string.remove("")
    except:
        break

Now we’re done, but there’s one last step. In seq2seq we need to append special tokens to text. This is mainly in the decoder’s data. In the decoder’s input, we append a start token which tells the decoder it should start decoding. And for the decoder’s output, we append an end token to tell it the work is done.

We also truncate long strings to a maximum length.

if(not bot_input and not bot_output):
    string = string[0:MAX_LEN]
elif(bot_input):
    string = string[0:MAX_LEN-1]
    string.insert(0, "</start>")
else:
    string = string[0:MAX_LEN-1]
    string.insert(len(string), "</end>")

Another token we need to add is the padding token, in order to make our sequences of fixed length.

We also need to return the original string’s length prior to tokenization in order to mask the padding tokens.

old_len = len(string)
for i in range((MAX_LEN) - len(string)):
    string.append(" </pad> ")
string = re.sub("\s+", " ", " ".join(string)).strip()

That’s it for pre-processing. Now we have the new string and its length.

We wrap the previous with a function and apply it on the full data. Saving the data as pickle files is to save our time because we will probably have to try and run the algorithm many different times.

if(os.path.isfile("user_processed.pkl")):
    user = cPickle.load(open("user_processed.pkl", "rb"))
else:
    user = [process_str(item) for item in user]
    cPickle.dump(user, open("user_processed.pkl", "wb"))

if(os.path.isfile("bot_in_processed.pkl")):
    bot_inputs = cPickle.load(open("bot_in_processed.pkl", "rb"))
else:
    bot_inputs = [process_str(item, bot_input=True) for item in bot]
    cPickle.dump(bot_inputs, open("bot_in_processed.pkl", "wb"))

if(os.path.isfile("bot_out_processed.pkl")):
    bot_outputs = cPickle.load(open("bot_out_processed.pkl", "rb"))
else:
    bot_outputs = [process_str(item, bot_output=True) for item in bot]
    cPickle.dump(bot_outputs, open("bot_out_processed.pkl", "wb"))
    
    
user_lens = [message[1] for message in user]
user = [message[0] for message in user]

bot_inp_lens = [message[1] for message in bot_inputs]
bot_out_lens = [message[1] for message in bot_outputs]

bot_inputs = [message[0] for message in bot_inputs]
bot_outputs = [message[0] for message in bot_outputs]

user is the input of the encoder which is a message by the user. bot_inputs is the input to the decoder and bot_outputs is the output of the decoder.

Finally, we can grab the vocabulary and add the special tokens to it.

bow = CountVectorizer()

bow.fit(user + bot_inputs)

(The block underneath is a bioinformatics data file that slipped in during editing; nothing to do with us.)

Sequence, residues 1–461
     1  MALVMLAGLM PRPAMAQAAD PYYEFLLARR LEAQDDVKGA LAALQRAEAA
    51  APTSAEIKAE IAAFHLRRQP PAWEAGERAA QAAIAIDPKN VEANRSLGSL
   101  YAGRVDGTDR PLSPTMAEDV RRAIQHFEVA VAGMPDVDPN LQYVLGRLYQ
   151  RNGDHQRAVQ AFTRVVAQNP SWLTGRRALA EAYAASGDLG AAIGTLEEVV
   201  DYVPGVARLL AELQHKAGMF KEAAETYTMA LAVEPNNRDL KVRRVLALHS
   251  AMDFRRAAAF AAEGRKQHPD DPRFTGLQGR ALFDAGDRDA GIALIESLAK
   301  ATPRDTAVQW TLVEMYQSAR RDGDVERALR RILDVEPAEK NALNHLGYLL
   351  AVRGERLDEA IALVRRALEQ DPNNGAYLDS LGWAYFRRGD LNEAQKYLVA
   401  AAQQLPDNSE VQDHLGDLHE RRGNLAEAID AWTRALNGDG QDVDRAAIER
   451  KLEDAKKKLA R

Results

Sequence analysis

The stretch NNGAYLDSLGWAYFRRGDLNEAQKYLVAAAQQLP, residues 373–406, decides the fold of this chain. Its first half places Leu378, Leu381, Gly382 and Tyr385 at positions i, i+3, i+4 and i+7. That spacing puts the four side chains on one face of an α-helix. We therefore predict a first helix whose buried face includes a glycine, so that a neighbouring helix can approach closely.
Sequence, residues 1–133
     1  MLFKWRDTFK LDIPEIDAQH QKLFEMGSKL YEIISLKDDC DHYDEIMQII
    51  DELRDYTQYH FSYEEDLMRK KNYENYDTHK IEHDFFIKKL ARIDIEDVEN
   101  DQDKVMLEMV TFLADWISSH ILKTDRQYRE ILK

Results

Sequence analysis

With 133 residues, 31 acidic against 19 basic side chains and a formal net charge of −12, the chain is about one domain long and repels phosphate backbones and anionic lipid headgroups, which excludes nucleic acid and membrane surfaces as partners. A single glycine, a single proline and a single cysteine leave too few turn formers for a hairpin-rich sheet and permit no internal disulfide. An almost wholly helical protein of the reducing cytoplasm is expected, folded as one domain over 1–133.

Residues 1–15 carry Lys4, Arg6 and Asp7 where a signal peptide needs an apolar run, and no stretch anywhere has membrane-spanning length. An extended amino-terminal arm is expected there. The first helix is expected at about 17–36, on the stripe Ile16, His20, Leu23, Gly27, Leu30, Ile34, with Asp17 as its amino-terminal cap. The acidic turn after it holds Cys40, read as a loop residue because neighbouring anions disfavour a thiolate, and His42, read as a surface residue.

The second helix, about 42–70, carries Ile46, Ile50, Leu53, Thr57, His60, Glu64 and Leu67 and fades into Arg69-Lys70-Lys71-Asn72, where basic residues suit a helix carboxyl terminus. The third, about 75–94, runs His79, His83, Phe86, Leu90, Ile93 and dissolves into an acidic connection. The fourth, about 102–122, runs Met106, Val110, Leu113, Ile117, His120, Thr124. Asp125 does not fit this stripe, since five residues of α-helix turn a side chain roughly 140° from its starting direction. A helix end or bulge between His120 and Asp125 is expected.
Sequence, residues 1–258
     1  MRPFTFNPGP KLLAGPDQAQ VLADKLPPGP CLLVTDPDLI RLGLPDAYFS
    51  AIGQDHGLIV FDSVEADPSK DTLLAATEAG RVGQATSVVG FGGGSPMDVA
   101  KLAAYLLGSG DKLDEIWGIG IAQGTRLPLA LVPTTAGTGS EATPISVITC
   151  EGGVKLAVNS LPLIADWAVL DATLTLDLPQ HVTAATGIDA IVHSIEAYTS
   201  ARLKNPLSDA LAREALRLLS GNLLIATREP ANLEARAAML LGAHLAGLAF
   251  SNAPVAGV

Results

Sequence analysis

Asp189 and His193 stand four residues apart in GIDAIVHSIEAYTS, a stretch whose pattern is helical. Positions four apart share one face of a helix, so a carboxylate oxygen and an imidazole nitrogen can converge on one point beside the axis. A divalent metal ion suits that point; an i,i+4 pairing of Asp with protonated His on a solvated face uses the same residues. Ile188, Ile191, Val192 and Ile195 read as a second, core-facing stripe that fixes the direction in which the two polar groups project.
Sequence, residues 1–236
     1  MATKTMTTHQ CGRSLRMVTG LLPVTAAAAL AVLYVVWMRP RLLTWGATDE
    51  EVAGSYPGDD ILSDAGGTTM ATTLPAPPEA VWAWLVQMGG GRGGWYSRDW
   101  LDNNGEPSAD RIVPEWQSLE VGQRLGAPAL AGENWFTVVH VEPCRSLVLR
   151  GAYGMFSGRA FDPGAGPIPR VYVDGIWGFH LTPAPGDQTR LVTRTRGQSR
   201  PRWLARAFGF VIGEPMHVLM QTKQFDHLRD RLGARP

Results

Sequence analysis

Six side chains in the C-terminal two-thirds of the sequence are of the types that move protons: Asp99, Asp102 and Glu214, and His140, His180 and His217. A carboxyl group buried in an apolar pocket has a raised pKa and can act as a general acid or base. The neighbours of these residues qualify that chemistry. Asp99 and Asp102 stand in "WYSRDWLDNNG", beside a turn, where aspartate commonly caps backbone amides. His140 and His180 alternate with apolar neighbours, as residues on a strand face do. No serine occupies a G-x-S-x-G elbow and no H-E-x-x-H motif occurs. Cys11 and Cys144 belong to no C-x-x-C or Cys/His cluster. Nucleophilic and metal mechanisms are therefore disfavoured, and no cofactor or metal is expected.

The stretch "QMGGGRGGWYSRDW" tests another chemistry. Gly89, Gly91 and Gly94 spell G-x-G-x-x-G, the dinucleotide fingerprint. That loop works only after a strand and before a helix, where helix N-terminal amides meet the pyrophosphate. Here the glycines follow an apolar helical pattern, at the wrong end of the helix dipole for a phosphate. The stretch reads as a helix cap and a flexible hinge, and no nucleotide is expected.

vocab = list(bow.vocabulary_.keys())
vocab.insert(0, "NUM")
vocab.insert(0, "UNK")
vocab.insert(0, "</end>")
vocab.insert(0, "</start>")
vocab.insert(0, "</pad>")

 

EDA

There’s a lot that we can do to explore the data. However, I was only interested in the number of tokens in either the bot’s or the user’s conversations to find a suitable maximum length.

print("Average user message: {}, average bot message: {}".format(np.mean(user_lens), np.mean(bot_inp_lens)))
print("80th percentile of user lengths: {}, 80th percentile of bot lengths: {}".format(np.percentile(user_lens, 80), np.percentile(bot_inp_lens, 80)))

This will help you find a proper maximum length for sequences. I choose 20 tokens because it covers almost 80% of the conversations.

There’s more that we can do to exploratory data analysis, however, for now, I find this sufficient.

Graph Building

In order to train a model we first need to define it! In graph building, we’re going to define the components of the graph and the computations between them to make the model’s output.

Data

Using the dataset API we can define our data preparation pipeline and batching it.

We already have our datasets (User input, bot inputs, and outputs, the length of each string) so all we need to do is wrap our data using the dataset API.

tf_user = tf.data.Dataset.from_tensor_slices(user)
tf_bot_inp = tf.data.Dataset.from_tensor_slices(bot_inputs)
tf_bot_out = tf.data.Dataset.from_tensor_slices(bot_outputs)

tf_user_lens = tf.data.Dataset.from_tensor_slices(tf.constant(user_lens))
tf_bot_inp_lens = tf.data.Dataset.from_tensor_slices(tf.constant(bot_inp_lens))
tf_bot_out_lens = tf.data.Dataset.from_tensor_slices(tf.constant(bot_out_lens))

Now, we need to define some data operations on these datasets. These operations are:

  1. Tokenization
  2. Word to index
  3. Shuffling
  4. Batching

So to begin we first need to define a lookup table for word to index and an inverse lookup table for the inverse operation.

with tf.device("/cpu:0"), tf.name_scope("data"):